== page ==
Natalia Sokil

Наталя Сокіл


Natalia Sokil learned pysankarstvo late in life.  The art was banned by the Soviets when they occupied western Ukraine after WWII, and few people of her generation had a chance to learn to write pysanky when they were young.  Natalia learned other traditional crafts, though–she embroiders beautifully, and knits.  This is an example of her work, where she has combined embroidery with her love of pysanky:

Pani Natalia learned pysankarstvo at a master class in Chervonohrad, which she attended with her granddaughter.  She uses Vira Manko’s first book as a source of information and designs.  Supplies are difficult to find, especially good dyes and styluses of any sort. Pani Natalia has been able to scrounge up dyes, using locally produced wool dyes, but had to make her own styluses:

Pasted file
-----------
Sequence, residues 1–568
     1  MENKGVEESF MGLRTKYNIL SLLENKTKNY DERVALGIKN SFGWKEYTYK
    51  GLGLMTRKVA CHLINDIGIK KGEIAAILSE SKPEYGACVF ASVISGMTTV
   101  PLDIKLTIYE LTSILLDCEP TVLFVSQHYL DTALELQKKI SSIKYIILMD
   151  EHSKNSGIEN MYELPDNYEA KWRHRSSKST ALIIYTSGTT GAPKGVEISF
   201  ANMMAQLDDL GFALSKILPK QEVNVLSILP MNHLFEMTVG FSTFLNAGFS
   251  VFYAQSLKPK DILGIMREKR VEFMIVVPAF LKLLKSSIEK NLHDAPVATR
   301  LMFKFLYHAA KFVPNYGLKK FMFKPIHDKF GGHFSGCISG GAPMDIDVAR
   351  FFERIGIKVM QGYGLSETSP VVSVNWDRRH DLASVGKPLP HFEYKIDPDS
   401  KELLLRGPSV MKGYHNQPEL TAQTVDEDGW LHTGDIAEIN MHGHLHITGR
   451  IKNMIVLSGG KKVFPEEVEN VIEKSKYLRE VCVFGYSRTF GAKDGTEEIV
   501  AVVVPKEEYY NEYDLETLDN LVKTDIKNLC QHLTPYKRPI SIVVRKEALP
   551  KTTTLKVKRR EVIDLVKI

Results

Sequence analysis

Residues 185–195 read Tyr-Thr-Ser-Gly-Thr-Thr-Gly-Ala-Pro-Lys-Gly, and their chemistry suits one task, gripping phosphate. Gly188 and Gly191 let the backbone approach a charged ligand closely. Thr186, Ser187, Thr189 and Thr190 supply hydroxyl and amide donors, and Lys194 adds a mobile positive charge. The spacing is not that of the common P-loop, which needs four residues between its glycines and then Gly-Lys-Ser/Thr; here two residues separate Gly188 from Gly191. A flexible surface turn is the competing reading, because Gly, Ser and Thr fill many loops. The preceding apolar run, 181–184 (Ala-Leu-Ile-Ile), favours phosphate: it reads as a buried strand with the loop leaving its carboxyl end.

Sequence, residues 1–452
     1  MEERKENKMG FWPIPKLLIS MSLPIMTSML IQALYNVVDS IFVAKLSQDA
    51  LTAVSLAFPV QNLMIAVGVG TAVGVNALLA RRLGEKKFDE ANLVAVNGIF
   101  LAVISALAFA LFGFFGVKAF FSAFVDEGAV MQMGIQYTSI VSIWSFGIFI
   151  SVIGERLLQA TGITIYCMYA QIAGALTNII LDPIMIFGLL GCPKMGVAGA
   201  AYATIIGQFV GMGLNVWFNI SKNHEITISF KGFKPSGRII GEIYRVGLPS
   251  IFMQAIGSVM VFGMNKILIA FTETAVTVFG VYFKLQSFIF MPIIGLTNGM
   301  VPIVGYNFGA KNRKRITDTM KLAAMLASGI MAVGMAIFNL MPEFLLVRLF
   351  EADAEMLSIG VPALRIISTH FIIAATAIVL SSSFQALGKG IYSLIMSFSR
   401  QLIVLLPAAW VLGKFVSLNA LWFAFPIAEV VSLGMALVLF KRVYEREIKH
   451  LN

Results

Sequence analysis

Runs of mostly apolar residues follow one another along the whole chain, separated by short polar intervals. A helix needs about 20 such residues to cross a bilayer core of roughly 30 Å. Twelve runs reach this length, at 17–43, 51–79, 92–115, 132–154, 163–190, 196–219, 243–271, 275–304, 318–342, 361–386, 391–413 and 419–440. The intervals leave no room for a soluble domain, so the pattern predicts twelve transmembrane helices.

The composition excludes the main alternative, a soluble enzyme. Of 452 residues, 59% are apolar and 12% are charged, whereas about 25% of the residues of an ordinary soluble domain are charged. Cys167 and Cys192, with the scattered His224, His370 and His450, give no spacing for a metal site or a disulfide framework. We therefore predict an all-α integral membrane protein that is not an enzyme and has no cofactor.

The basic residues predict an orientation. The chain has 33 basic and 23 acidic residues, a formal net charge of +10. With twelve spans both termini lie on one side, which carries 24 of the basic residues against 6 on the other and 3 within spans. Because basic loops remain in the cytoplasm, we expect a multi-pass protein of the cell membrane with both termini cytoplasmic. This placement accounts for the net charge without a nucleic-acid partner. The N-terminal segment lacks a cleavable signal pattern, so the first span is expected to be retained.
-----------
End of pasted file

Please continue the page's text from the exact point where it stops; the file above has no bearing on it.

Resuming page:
These are some of the beautiful pysanky that Pani Natalia has made.  She was kind enough to give me several as gifts; since they were full, I wasn’t able to bring them back home with me this time.  My goddaughter Daryna has promised to empty them for me, so next year they should be with me in Michigan.  Either way, I will photograph them and add them to this page in 2011.

Can you spot the four ringers?  (Hint: there are two wooden eggs and two Hutsul pysanky  in this bowl of eggs.)

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Pani Sokil with her grandson, Anatoliy Zhabort